A lesser irritation is the perilous tottering stairway on the route out of Moria. This isn't in the book; it was invented presumably for extra drama, which it duly provides; but it's totally silly. No-one in his right mind would go to such immense trouble to build such ridiculous structures. The dwarves were down-to-earth, sensible people with plenty of construction experience, and would have found a better engineering solution to the problem -- probably by cutting the stairs into the sides of the chasm, rather than by building those towering, precarious pillars.
It is really difficult for a human to represent a Tolkien elf convincingly. They're human-like enough that gross add-ons won't do the job, but they should be subtly non-human and also beautiful, graceful, and impressive.
Hugo Weaving is miscast as Elrond. He speaks his lines adequately, but he has neither the looks nor the presence of an elf lord. The other male elves generally look like businessmen in drag, except for Orlando Bloom as Legolas, who makes a creditable attempt at looking and moving like an elf.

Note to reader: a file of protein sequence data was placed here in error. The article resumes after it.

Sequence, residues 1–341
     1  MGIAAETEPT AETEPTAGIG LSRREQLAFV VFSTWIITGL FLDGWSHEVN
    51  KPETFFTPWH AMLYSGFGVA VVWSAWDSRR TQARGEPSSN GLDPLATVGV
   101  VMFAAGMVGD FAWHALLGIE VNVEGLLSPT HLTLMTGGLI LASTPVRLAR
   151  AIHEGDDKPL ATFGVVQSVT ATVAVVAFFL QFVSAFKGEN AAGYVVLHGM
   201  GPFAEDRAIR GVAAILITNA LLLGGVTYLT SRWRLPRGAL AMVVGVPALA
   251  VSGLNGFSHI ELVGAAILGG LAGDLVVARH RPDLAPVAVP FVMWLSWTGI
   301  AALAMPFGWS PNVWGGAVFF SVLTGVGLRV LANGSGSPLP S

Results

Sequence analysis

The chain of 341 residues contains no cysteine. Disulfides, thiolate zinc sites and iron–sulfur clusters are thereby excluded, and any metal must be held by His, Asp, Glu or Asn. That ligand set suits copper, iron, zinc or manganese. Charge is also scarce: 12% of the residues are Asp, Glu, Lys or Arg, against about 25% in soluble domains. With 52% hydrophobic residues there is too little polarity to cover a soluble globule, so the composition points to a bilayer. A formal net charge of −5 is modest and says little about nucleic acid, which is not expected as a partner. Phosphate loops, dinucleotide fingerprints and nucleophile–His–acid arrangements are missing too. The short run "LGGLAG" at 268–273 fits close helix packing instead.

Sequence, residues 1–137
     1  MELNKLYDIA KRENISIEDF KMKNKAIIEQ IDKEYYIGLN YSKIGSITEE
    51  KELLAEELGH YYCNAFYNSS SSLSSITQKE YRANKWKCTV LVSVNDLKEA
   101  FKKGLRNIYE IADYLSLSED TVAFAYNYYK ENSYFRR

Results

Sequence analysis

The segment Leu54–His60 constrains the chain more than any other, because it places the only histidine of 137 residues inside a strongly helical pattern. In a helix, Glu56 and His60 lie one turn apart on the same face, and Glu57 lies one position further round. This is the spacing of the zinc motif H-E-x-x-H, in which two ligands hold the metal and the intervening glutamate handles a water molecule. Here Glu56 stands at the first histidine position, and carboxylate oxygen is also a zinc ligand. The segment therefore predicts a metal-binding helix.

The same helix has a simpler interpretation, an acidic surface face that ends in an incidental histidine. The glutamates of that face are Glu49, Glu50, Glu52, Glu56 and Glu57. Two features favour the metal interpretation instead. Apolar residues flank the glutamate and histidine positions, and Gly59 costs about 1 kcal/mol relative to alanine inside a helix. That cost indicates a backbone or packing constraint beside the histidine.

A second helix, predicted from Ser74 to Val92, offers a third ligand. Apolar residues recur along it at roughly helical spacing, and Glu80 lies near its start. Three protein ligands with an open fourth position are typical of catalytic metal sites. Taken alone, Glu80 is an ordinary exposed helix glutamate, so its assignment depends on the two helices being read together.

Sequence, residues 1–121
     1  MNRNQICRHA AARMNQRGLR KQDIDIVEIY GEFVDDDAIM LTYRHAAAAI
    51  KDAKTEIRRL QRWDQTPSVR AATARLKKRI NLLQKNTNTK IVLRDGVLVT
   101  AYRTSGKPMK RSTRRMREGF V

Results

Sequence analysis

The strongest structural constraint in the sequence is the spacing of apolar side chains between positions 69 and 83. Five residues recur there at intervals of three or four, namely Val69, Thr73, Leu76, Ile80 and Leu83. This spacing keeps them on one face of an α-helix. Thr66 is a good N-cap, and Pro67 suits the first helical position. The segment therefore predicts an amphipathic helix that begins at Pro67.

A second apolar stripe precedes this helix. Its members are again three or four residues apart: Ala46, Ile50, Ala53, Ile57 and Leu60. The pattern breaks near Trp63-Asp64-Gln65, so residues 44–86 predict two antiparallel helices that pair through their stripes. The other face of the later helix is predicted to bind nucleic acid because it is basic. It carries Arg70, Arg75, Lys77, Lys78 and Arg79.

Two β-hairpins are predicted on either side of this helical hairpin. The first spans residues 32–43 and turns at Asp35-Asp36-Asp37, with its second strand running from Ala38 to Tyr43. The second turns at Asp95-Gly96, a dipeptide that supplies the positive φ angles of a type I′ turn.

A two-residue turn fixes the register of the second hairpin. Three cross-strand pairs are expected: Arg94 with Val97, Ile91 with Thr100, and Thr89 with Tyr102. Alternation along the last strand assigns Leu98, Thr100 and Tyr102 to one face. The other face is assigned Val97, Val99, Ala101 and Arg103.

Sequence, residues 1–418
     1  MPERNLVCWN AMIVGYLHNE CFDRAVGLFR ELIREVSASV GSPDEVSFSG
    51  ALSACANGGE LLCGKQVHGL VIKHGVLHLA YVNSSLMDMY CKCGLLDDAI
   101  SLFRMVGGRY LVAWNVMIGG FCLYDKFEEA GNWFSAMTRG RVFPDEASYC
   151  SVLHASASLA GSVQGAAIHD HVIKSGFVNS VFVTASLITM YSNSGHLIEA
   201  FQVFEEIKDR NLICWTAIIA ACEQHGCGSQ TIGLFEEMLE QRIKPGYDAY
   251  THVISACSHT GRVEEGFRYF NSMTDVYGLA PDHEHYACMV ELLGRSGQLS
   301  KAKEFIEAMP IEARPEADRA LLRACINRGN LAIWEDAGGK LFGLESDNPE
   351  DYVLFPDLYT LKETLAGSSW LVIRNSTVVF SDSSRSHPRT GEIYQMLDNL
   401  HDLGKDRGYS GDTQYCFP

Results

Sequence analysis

Cate Blanchett as Galadriel is not quite beautiful enough (who is?), but she's attractive and serene and almost looks the part. Unfortunately she seems to have been directed to speak her lines very slowly, and she can't manage to make it sound natural. Something should have been done about this; her lines as delivered just sound hammy.
Liv Tyler as Arwen comes over pleasant but not very bright in the background material on Disc 2. However, she gives a good performance, in a role largely invented for the film: in the book, Arwen exists but remains more in the background. The main problem is that Tyler looks American even in costume. This shouldn't really matter -- elves might have looked American for all we know -- but subjectively an American in Middle Earth seems to me about as out of place as a digital watch. Of course, there are other Americans, Australians, etc., in the cast, but they're generally less noticeable as such.
The final problem with the elves is that there aren't enough of them. Rivendell and Lothlorien seem almost deserted. The film-makers were able to whip up hordes of computer-generated characters for the battle scenes, but populating elf settlements seems to have been beyond them. Couldn't they at least have paid a few extras to wander around?